Pinterest Valuation Tops Nordstrom’s

Pinterest, the image search startup, made its debut as a publicly traded company Thursday (April 18) and was able to close up 28 percent from its IPO price.

According to a report in The New York Times, shares of Pinterest started trading at $23.75, higher than the IPO price of $19 a share. It ended its first day as a public company at $24.40 a share. It now has a market capitalization of more than $16 billion and is valued higher than Macy’s and Nordstrom. It also pushes the company’s valuation above the $12 billion it garnered the last time it raised funding in 2017.  Zoom, the video conferencing company which also went public Thursday, saw its stock jump as much as 80 percent in its first day of trading, ending the day with shares up 72 percent to $62 a share. The company now has a market capitalization of $18 billion, higher than Pinterest.  In an interview with the New York Times, Eric Yuan, CEO of Zoom, said the surge in shares adds more pressure to deliver for investors. “I looked at the price this morning and I thought, ‘Wow, I better go back tonight to get back to work,’” he told the paper.  The huge interest in Zoom’s IPO implies that investors are just as giddy for lesser-known software companies that are profitable as they are for app makers targeting consumers. The paper pointed to PagerDuty. It is a less-known, smaller software company. Its stock jumped 60 percent on its first day of trading earlier this month.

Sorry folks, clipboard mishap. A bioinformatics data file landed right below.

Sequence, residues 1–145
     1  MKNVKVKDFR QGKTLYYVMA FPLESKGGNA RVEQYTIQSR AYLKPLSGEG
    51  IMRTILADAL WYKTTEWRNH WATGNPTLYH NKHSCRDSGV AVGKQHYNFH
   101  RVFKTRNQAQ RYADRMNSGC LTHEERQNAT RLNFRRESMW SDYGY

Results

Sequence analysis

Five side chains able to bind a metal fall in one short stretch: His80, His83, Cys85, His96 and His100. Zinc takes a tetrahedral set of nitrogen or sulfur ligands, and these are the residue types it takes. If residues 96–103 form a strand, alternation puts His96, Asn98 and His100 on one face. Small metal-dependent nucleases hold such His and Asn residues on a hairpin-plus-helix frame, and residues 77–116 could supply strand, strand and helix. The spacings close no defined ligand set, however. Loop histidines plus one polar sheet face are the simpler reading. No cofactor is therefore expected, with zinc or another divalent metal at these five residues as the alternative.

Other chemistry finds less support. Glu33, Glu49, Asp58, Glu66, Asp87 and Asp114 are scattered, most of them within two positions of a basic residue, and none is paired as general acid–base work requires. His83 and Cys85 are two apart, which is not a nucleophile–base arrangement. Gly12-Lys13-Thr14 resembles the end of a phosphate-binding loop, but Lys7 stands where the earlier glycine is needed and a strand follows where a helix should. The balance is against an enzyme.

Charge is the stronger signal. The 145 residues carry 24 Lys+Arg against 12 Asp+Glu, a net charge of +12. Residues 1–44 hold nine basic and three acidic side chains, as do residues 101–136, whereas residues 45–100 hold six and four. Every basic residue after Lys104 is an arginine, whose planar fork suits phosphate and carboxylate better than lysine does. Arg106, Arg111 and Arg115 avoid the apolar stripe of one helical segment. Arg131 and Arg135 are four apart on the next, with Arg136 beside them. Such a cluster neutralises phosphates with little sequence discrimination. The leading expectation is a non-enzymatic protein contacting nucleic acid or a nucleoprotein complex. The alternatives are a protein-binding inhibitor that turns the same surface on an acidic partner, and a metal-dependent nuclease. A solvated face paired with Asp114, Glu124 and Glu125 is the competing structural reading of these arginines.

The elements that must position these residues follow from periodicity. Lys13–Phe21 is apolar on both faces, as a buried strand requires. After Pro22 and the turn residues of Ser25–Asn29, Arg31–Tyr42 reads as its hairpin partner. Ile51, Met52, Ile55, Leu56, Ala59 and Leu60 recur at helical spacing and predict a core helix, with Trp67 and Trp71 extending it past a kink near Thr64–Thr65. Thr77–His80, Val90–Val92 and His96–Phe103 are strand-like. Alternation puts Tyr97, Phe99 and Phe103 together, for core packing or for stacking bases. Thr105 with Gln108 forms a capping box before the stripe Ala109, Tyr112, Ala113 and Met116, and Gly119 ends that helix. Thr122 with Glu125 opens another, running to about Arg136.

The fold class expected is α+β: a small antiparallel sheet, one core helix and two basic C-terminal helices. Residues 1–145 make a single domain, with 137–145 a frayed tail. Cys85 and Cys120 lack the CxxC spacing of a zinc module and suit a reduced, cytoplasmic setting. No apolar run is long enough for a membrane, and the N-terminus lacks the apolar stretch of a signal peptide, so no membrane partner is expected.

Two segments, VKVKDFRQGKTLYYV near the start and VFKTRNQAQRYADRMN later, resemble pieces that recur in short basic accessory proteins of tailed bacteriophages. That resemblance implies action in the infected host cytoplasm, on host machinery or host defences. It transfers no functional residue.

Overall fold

The strong showing out of Pinterest and Zoom is a big sigh of relief for investors who had been wearily eyeing the IPO market after Lyft failed to take off once it began trading in late March. The stock surged out of the gate but then slumped and is now trading under its IPO price. Uber, the ride-sharing rival, is expected to launch an IPO in May in what could be the largest one ever.



Latest Insights: 

The Payments 2022 Study: Building A High-Performance Payments Team For Fraud Detection, a PYMNTS collaboration with Stripe, examines how digital platforms of all sectors and sizes plan to develop their anti-fraud teams as part of their their broader growth and development strategies. Drawing from an extensive survey from approximately 250 payments heads at digital platforms in the U.S. and abroad, our study analyzes how poor anti-fraud capabilities can harm platforms’ long-term growth strategies, and how they can build high-performing teams to tackle these challenges.


To Top